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J Occup Health Psychol. 2017 Oct;22(4):503-517. doi: 10.1037/ocp0000038. Epub 2016 Apr 25.

Testing job typologies and identifying at-risk subpopulations using factor mixture models.

Author information

1
Department of Psychology, Michigan State University.
2
Department of Psychology, University of Bern.
3
Department of Psychology, University of Fribourg.
4
Broad College of Business, Michigan State University.
5
Winterthur Institute of Health Economics, Zurich University of Applied Sciences.

Abstract

Research in occupational health psychology has tended to focus on the effects of single job characteristics or various job characteristics combined into 1 factor. However, such a variable-centered approach does not account for the clustering of job attributes among groups of employees. We addressed this issue by using a person-centered approach to (a) investigate the occurrence of different empirical constellations of perceived job stressors and resources and (b) validate the meaningfulness of profiles by analyzing their association with employee well-being and performance. We applied factor mixture modeling to identify profiles in 4 large samples consisting of employees in Switzerland (Studies 1 and 2) and the United States (Studies 3 and 4). We identified 2 profiles that spanned the 4 samples, with 1 reflecting a combination of relatively low stressors and high resources (P1) and the other relatively high stressors and low resources (P3). The profiles differed mainly in terms of their organizational and social aspects. Employees in P1 reported significantly higher mean levels of job satisfaction, performance, and general health, and lower means in exhaustion compared with P3. Additional analyses showed differential relationships between job attributes and outcomes depending on profile membership. These findings may benefit organizational interventions as they show that perceived work stressors and resources more strongly influence satisfaction and well-being in particular profiles. (PsycINFO Database Record.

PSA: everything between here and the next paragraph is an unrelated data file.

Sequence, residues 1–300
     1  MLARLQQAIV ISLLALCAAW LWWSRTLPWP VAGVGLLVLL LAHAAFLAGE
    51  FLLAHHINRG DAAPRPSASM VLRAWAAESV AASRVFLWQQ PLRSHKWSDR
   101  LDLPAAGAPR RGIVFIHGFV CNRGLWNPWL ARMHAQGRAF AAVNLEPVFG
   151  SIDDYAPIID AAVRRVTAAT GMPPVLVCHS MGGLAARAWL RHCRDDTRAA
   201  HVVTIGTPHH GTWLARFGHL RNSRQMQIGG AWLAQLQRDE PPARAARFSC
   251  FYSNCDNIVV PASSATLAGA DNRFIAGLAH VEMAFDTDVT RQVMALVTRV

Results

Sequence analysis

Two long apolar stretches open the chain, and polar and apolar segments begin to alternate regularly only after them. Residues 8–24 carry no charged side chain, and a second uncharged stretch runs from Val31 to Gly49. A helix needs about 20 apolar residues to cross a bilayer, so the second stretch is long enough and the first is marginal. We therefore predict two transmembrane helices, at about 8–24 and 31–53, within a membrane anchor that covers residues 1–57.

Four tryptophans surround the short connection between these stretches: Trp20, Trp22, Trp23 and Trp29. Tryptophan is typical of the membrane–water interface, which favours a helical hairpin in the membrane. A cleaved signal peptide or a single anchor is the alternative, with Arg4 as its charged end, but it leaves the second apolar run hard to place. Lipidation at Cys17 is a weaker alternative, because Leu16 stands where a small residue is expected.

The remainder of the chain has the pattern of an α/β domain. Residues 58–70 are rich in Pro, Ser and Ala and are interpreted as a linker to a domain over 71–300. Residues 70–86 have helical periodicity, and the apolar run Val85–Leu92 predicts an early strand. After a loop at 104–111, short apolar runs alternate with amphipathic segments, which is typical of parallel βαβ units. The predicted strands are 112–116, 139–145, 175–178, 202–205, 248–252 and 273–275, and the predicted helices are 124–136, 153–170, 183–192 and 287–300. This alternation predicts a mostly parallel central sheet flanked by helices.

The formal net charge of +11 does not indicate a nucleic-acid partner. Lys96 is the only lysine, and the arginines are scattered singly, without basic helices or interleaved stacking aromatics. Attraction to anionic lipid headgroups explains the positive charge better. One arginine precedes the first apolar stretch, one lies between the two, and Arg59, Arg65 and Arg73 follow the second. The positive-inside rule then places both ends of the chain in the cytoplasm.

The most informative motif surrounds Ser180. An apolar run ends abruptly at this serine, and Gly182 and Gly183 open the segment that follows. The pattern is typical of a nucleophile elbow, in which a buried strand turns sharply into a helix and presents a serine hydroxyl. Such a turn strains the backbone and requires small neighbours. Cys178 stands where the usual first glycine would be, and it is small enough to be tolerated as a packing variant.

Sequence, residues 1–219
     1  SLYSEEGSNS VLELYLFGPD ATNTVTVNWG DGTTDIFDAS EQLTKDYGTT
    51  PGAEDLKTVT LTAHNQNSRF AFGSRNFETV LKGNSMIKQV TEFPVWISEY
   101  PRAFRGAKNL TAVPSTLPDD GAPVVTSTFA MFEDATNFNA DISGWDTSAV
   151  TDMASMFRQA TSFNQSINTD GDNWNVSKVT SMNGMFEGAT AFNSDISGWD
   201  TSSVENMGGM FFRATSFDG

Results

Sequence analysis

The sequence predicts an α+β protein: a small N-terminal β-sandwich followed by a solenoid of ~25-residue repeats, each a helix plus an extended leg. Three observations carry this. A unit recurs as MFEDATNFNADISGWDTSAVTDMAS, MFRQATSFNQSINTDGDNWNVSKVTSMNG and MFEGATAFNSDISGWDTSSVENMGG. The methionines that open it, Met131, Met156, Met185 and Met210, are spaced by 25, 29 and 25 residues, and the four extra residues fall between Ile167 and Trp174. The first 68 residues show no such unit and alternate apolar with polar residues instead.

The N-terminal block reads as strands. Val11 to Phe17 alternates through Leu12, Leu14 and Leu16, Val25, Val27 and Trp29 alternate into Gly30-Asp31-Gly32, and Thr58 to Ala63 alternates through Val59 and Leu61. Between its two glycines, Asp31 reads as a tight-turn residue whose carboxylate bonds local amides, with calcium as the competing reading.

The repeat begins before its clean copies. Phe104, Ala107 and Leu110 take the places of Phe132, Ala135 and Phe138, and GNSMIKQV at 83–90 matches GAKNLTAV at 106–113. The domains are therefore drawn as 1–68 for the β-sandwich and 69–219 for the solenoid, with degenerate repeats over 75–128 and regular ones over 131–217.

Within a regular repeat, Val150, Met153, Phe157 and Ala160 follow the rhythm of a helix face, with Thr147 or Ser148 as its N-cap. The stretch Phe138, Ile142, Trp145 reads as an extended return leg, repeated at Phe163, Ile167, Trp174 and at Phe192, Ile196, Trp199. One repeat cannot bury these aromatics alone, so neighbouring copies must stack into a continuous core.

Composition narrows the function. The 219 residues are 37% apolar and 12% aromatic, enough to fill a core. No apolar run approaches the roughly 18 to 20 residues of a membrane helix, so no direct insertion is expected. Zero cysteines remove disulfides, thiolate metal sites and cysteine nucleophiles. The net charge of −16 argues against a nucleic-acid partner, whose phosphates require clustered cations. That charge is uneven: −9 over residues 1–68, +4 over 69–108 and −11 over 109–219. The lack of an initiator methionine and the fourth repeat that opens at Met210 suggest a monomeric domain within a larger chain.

PMID:
27111428
DOI:
10.1037/ocp0000038
[Indexed for MEDLINE]

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